There are many exercises that are used as part of the rehabilitation of foot disorders. The aim of these exercises are usually to strengthen and stretch muscles and also mobilise the joints. These are among the many tools that foot specialists make use of to manage a variety of foot problems. One exercise which has been getting a lot of recent attention is one called the short foot exercise. This exercise is done weight bearing and the muscles in the arch of the foot are contracted in order to shorten the foot. This is claimed to strengthen the arch of the foot. If you look at some of the over stated claims online concerning this exercise, it may cure almost everything which could go wrong with the foot, which is certainly far from the truth.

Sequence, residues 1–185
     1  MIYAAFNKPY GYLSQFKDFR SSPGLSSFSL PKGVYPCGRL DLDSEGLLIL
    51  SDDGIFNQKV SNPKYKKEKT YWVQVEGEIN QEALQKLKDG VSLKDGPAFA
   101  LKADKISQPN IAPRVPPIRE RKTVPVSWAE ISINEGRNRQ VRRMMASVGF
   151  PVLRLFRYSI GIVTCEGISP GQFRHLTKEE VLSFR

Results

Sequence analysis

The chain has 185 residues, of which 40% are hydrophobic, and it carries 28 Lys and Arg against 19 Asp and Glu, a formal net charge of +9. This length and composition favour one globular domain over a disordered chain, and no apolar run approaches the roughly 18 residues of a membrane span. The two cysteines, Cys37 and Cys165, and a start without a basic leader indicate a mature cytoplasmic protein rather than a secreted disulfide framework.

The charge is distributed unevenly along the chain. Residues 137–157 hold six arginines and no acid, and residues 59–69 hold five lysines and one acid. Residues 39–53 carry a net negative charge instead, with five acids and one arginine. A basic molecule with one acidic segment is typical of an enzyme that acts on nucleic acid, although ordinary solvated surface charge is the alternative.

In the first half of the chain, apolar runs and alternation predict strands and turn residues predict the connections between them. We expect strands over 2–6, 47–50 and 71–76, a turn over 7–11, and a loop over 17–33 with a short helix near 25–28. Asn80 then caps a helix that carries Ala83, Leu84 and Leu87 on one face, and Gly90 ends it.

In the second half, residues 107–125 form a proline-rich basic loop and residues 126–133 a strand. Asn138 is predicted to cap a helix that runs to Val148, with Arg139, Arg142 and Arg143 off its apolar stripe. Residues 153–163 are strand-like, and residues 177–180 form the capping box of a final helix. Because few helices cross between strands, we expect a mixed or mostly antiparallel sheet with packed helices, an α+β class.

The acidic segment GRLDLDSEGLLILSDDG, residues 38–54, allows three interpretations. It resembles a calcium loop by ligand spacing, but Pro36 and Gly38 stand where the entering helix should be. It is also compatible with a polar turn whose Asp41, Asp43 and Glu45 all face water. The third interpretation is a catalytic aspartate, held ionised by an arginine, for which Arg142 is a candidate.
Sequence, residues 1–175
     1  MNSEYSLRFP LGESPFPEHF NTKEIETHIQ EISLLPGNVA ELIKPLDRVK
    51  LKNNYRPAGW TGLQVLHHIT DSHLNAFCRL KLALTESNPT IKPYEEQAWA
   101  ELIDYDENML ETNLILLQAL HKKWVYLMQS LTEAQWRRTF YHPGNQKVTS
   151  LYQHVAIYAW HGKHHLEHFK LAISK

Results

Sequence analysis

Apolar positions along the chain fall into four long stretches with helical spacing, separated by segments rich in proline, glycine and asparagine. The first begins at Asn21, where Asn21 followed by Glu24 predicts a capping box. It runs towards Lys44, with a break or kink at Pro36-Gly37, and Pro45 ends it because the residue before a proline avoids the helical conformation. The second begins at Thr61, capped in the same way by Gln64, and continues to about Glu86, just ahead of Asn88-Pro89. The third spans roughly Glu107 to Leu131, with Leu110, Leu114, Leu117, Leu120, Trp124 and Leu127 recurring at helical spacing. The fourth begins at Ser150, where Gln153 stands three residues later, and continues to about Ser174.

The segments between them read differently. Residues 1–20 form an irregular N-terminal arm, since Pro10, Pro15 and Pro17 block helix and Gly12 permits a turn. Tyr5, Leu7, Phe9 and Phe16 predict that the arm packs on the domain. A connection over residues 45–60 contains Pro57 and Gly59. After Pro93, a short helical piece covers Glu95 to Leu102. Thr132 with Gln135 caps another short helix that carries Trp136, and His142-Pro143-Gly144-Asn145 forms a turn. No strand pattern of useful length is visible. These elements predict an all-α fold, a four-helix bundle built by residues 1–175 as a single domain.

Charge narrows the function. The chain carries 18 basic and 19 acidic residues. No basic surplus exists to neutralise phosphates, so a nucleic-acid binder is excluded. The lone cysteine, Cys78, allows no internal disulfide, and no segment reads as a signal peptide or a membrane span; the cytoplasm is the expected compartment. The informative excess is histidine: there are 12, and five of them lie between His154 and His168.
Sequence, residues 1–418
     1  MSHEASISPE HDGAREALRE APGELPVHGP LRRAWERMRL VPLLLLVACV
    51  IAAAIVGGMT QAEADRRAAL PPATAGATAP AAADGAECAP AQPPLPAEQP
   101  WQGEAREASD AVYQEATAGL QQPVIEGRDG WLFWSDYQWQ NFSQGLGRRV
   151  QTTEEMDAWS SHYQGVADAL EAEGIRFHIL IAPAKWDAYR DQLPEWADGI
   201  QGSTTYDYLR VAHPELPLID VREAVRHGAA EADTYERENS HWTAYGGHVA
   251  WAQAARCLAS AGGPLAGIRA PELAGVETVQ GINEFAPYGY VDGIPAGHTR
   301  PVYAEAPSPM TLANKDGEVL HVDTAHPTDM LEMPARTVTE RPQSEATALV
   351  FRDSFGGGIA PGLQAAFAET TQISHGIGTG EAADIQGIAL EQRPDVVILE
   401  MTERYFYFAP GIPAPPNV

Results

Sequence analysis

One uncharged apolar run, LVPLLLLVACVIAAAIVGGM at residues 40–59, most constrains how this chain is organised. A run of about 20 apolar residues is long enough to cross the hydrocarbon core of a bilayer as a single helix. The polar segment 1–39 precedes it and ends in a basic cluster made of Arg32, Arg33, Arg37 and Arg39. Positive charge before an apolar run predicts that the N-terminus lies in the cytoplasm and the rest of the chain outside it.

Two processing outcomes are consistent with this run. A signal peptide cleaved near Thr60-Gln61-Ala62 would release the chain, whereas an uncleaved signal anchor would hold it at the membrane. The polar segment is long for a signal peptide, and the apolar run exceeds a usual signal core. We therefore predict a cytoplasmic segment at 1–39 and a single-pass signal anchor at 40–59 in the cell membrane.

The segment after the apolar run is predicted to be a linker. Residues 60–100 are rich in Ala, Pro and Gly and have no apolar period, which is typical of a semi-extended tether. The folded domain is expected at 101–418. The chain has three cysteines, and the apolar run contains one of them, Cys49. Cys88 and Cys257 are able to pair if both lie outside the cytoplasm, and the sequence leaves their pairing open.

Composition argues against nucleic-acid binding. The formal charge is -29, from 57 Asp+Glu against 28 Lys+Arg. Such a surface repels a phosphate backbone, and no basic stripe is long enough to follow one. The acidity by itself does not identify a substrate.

The major problem with this exercise is the blind faith and firm belief that so many have that it might heal so many of the problems that might go wrong with the foot, when there's actually not any scientific data that it's helpful for any foot problems. Simply stating that it is effective and expecting that is it does not ensure it is so. That's the logical fallacy of wishful thinking. For the short foot exercise to be effective it will require time to improve the strength. A lot of conditions get better with time, so there is not any way of knowing if people got better purely because of this natural history or because the exercise does in fact work. That doesn't indicate that there is anything wrong with the exercise and that it must not be used. It could be that the exercise is a really effective and good exercise. It just means that the scientific studies have not been done and too much faith must not be put in any treatment that is lacking in scientific research to underpin its use. Of course keep using the short foot exercise, but apply it in the context of these issues which are well known about it.